Girls Behaving Badly? An Ethnographic Exploration of Girls’ Micro Performances of Gender and Behaviour in a State Secondary School
Dawson, Lynda Margaret
Thesis or dissertation
University of Exeter
Reason for embargo
To publish the research in journals or as a book
Previous academic research which focused on girls’ behaviour tended to do so by looking at behaviour in terms of the extremes: by either exploring the perceptions and experiences of girls who appear to behave well, or alternatively, by researching girls who are categorised as extreme misbehavers, in institutions such as Pupil Referral Units. This ethnographic study was undertaken in a state secondary school setting over one academic year. The research centred on girls who were in Years 10 and 11, and is an exploration of the micro performances of their behaviour in the school. The ethnographic nature of the research allowed an in depth focus on girls’ micro performances in school. The feminist influenced thesis seeks to explore girls’ constructions of gender, how this is negotiated alongside their wider performances as pupils in the school and is subsequently recognised (by themselves and others), as performances of particular behaviour. The research draws on Goffman’s (1959) conceptualisation of performance and impression management, Butler (1990), theoretical notions of performativity and Foucault’s (19757:1978) theories of power, discourse and surveillance, to explore how gender and behaviour are being understood in this context. The study sought to explore the world from the girls’ viewpoint to understand the complexity of their experiences more fully. The research examines not only how the girls were positioned in terms of their perceived behaviour, but also how they responded to this positioning (their resistance and accommodation of these positions, and the shifting nature of these positionings across time) and how these were often perceived in relation to particular gendered expectations. The originality of the research stems from findings about issues of self-harm, panic attacks, authenticity, social media, middle class girls and fighting, which lie in the rich and detailed empirical data arising from the study. The significance of these findings draws these multiple threads together, giving insight into gender positioning and behaviour, and the study privileges the girls’ voices as they discuss their feelings and the effects of these issues on them, complicating previous research.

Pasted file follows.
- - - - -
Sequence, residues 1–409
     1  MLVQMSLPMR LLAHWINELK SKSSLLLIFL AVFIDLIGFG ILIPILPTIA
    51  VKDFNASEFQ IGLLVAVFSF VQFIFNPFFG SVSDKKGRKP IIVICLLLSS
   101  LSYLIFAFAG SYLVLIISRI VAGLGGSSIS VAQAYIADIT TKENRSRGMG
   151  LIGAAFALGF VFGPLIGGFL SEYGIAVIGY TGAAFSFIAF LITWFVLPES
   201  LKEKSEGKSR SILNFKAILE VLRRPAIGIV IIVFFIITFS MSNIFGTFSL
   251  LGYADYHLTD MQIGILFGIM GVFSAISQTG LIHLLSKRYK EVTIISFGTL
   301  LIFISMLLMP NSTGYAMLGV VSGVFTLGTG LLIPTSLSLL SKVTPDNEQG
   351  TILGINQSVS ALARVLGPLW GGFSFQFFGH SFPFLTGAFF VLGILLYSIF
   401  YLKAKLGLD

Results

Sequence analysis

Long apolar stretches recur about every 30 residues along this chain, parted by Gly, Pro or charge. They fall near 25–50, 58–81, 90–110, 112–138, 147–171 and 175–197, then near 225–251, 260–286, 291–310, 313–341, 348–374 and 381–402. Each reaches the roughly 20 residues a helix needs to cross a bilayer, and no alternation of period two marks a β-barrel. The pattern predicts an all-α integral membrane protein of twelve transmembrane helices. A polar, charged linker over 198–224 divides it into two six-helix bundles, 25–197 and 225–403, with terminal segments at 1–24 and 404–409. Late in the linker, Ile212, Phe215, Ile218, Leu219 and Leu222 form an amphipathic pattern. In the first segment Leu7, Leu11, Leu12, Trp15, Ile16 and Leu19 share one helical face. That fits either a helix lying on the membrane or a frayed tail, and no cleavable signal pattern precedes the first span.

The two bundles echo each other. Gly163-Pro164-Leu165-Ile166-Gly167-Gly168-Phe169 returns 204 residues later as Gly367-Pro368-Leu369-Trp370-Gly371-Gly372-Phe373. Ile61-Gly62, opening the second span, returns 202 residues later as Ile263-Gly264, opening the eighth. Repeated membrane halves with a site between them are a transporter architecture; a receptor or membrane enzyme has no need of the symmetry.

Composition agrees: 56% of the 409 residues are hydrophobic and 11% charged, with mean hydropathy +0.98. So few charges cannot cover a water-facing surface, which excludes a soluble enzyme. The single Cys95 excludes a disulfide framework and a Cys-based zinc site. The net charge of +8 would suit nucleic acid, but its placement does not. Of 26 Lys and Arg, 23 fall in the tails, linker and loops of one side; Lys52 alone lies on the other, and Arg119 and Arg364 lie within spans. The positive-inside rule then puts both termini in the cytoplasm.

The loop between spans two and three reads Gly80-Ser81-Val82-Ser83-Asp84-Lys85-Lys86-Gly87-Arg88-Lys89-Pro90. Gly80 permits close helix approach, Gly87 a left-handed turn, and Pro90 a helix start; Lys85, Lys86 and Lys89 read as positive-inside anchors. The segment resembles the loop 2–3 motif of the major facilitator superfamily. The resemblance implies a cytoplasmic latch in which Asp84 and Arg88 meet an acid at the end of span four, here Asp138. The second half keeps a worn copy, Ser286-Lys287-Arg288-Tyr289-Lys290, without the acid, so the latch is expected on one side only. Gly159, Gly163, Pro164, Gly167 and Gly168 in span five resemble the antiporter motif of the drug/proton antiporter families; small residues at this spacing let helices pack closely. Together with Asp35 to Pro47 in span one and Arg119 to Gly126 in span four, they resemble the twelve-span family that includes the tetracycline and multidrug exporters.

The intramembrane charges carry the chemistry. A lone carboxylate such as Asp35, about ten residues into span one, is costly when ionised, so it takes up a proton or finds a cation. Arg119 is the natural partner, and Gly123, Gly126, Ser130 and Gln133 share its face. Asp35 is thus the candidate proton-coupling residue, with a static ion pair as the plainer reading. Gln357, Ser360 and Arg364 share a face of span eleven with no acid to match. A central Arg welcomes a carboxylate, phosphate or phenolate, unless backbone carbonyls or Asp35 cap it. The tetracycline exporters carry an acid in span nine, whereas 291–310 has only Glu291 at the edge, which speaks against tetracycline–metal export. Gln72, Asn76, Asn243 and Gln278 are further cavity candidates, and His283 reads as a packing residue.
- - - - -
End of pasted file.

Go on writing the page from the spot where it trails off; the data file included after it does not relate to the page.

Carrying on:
PhD in Education